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Physiol Res. 2000;49(5):503-17.

Hypoxia-induced pulmonary vascular remodeling: contribution of the adventitial fibroblasts.

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  • 1Cardiovascular Pulmonary, Developmental Biology Research Laboratories, Denver, USA.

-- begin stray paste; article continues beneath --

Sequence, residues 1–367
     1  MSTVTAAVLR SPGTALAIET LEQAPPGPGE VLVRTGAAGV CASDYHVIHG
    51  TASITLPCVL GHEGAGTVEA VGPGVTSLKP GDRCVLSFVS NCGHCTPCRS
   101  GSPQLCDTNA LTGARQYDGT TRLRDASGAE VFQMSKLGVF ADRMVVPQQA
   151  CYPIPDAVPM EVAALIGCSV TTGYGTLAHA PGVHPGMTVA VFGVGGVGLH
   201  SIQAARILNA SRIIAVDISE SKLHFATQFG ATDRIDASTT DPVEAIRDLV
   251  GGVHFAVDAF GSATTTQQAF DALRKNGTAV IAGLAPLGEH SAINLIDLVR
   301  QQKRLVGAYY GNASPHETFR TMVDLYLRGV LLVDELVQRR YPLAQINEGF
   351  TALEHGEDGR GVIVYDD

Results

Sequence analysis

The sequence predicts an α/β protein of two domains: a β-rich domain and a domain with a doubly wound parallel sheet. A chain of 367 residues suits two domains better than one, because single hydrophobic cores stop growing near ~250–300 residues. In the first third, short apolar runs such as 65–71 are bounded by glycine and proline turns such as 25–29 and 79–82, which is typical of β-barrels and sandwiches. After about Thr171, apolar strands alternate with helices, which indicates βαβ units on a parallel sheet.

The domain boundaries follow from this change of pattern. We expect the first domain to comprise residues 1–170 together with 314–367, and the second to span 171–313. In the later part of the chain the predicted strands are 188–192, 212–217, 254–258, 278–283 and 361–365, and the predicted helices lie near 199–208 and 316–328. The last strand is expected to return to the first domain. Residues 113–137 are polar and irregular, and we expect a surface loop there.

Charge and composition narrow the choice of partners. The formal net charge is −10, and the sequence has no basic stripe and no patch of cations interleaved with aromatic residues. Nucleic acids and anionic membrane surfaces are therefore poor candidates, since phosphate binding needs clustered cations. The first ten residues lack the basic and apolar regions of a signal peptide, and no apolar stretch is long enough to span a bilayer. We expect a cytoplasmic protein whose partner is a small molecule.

Vascular repair in response to injury or stress (often referred to as remodeling) is a common complication of many cardiovascular abnormalities including pulmonary hypertension, systemic hypertension, atherosclerosis, vein graft remodeling and restenosis following balloon dilatation of the coronary artery. It is not surprising that repair and remodeling occurs frequently in the vasculature in that exposure of blood, vessels to either excessive hemodynamic stress (e.g. hypertension), noxious blood borne agents (e.g. atherogenic lipids), locally released cytokines, or unusual environmental conditions (e.g. hypoxia), requires readily available mechanisms to counteract these adverse stimuli and to preserve structure and function of the vessel wall. The responses, which were presumably evolutionarily developed to repair an injured tissue, often escape self-limiting control and can result, in the case of blood vessels, in lumen narrowing and obstruction to blood flow. Each cell type (i. e. endothelial cells, smooth muscle cells, and fibroblasts) in the vascular wall plays a specific role in the response to injury. However, while the roles of the endothelial cells and smooth muscle cells (SMC) in vascular remodeling have been extensively studied, relatively little attention has been given to the adventitial fibroblasts. Perhaps this is because the fibroblast is a relatively ill-defined cell which, at least compared to the SMC, exhibits few specific cellular markers. Importantly though, it has been well demonstrated that fibroblasts possess the capacity to express several functions such as migration, rapid proliferation, synthesis of connective tissue components, contraction and cytokine production in response to activation or stimulation. The myriad of responses exhibited by the fibroblasts, especially in response to stimulation, suggest that these cells could play a pivotal role in the repair of injury. This fact has been well documented in the setting of wound healing where a hypoxic environment has been demonstrated to be critical in the cellular responses. As such it is not surprising that fibroblasts may play an important role in the vascular response to hypoxia and/or injury. This paper is intended to provide a brief review of the changes that occur in the adventitial fibroblasts in response to vascular stress (especially hypoxia) and the role the activated fibroblasts might play in hypoxia-mediated pulmonary vascular disease.

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